As soon as we were inside I tore myself out of Hans’ arms and scrambled as far forward as the luxury compartment of the limousine would allow. Hans stood by the door, panting softly from exertion. His wolf whined and flopped onto the floor where the sun poured through the open door. Hans sagged slightly and caught himself against the rearmost seat, then straightened as though coming back to himself.

I watched him with cold, calculating eyes. I needed blood, but my body was weak from pain and atrophied where the sun’s smoldering rays had seared and ruined my flesh. I needed to get him out of that patch of sunlight. Otherwise, I was likely to combust even as I fed.

“Hans,” I purred — insofar as I could, since the attempt to talk made my raw, blistered throat scream in pain. I felt like smoke had blasted through my lungs: the act of breathing, when I tried it to clear my esophagus, sent a rasp of blistering pain in a line from the roof of my mouth through my neck and into the depths of my sternum. “Come here,” I ordered, giving up on the half-formed ploy to play innocent and harmless and seductive.

“Don’t,” Reid said from the door of the limousine. “She wouldn’t forgive herself. We have this.”

“Get back!” Benjamin’s driver shouted in alarm when he noticed Reid. Reid didn’t answer: the driver’s command was followed by a sudden scream and the clatter of something metal being tossed on the pavement. “Let me go! Put me down! Help!

One of Reid’s trolls appeared by the door — and it wasn’t a semi-transparent astral projection, now. Instead, the troll had a fully formed phantasmal body, visible in the ‘real’ world. I could only assume another troll had manifested to take care of Benjamin’s driver.

I hissed. “What do you think you’re doing, Reid?” I demanded.

“My duty,” he said back to me. Then he nodded at the troll and gestured to the limo’s open door.

Hans, having reclaimed his rational senses, had pressed himself into the back-most corner of the limousine: where he was protected by a slash of sunlight through the door, and yet as far from the outside — and the troll standing there — as he could be without coming where I could get him. He looked around frantically, perhaps for a weapon.

The troll took a deep breath and reared back. Then it surged forward. I felt a psychic crackle ripple through the weave in response to the troll hitting the wards. It screamed in the same kind of agony I’d seen Mr. Salvatore experience when he’d entered my home uninvited. The troll collapsed in on itself as the ward, reinforced by the weave, tore him apart. He dispersed, his phantasmal body giving way to an astral manifestation — a manifestation that was barely half the size it had been before. The weave had claimed its price for violating the sanctity of the limousine’s wards.

I snarled and started forward. I knew I could sink my fangs into the astral form of a faerie, as long as I could perceive it: after all, I’d fed on Pipsqueak while he’d been out of sync with reality under Daniel’s bridge. But before I reached the wounded, depleted faerie a second troll levered itself through the limousine door. It lunged forward, toward me, and bore me back. I sank my fangs into it, but that seemed to have been its plan to begin with.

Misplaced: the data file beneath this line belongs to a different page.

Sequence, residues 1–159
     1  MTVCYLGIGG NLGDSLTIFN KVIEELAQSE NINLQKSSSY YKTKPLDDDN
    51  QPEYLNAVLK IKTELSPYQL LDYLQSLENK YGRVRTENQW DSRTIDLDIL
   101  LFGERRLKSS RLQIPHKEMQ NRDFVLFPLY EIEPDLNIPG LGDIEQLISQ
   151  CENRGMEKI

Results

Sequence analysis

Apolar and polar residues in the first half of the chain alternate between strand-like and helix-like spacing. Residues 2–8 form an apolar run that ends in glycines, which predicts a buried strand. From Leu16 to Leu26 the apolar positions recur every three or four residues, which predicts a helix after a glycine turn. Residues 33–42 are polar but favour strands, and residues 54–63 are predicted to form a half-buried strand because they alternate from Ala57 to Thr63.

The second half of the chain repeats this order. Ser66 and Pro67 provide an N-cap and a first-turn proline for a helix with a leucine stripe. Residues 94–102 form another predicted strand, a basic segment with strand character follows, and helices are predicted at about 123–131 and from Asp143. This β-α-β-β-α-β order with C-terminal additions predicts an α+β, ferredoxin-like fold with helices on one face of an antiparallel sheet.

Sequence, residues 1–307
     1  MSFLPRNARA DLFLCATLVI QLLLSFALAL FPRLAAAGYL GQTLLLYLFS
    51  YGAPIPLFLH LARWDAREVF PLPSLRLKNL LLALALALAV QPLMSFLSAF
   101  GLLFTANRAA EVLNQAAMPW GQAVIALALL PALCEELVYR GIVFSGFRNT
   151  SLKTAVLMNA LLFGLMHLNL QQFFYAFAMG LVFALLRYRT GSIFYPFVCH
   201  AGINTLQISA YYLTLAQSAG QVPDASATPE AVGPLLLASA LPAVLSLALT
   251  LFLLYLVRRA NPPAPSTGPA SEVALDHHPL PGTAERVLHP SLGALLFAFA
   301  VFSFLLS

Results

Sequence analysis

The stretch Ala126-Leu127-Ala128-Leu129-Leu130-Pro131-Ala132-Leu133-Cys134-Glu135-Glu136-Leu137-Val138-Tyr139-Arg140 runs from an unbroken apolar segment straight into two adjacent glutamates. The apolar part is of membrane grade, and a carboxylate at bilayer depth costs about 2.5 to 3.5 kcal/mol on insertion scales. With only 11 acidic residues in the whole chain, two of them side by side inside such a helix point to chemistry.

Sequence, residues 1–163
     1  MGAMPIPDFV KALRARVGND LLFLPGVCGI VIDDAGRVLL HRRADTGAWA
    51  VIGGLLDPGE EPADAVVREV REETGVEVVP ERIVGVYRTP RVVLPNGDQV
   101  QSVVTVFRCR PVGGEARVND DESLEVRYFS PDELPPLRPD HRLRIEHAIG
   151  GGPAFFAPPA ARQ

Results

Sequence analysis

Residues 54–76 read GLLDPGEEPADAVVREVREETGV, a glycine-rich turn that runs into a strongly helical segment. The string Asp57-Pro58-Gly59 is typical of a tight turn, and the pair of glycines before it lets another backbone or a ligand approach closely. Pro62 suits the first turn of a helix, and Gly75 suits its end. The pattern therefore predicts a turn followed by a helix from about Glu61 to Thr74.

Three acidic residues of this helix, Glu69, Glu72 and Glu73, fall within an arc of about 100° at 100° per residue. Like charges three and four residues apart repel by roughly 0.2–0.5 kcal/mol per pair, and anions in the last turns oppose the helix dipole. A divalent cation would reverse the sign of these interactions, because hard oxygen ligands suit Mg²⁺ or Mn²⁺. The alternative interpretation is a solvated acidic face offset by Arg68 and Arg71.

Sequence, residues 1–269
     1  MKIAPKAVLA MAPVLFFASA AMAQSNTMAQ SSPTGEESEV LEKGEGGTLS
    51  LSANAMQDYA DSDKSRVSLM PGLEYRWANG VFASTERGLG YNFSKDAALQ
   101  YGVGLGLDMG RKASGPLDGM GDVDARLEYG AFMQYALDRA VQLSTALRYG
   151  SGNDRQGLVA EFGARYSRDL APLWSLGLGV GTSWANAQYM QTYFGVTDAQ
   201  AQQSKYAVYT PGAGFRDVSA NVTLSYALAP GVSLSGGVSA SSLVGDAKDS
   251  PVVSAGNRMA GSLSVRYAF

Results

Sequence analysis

I drank.

The surge of life was absolute bliss. I bit harder — hard enough that the monstrous faerie’s shoulder crunched between my jaws and he howled in pain — because I wanted more. The blood flooded into me — and then out again, pouring out of my wounded soul almost as quickly as I could bring the troll’s aura into my own.

The troll grappled with me, but didn’t push me away. I snarled and bit into him again. My body was healing, but far, far slower than it would have if my supply of essence wasn’t leaking out of me faster than my curse was putting it to use. The troll’s strength flagged, and then another one reached past him to shove my head away from my current victim. Snarling, I sank my fangs into the wrist of the offending appendage. The troll I had been feeding upon was yanked backward. He stumbled and collapsed on the limousine floor while the next troll — the last of the three, I thought — took his place.

I didn’t care that my aura couldn’t stay full and I didn’t care that this troll, too, began to sag under my continued greed. My desperation to slake my thirst left me absolutely no concern for my victim: once I destroyed him I would move on to his wounded fellow, and then Hans if need be.

And it would be needed — I wasn’t doing anything about my torn soul. I couldn’t. Even if I had the psychic dexterity that only manifested when I was dormant, I wasn’t dormant. And I was too desperate for blood to do anything about the fact that my thirst wasn’t being effectively slaked.

The troll I was feeding on sank to his knees. He tried to push me away feebly, but I refused to let up — and even though my injuries were still only starting to heal I was stronger than him now. He let out a wheezing, inarticulate protest. I could feel his fear coursing through me as it was consumed by my aura or spilled out into the world. Reid shouted a more articulate protest.

“Stop her!,” the faerie general cried. His command was so insistent that I didn’t just hear it — I felt it through our leyline.

You’re next, I thought at him with malicious greed. First this troll. Then the one on the floor. Then Reid. Then Hans.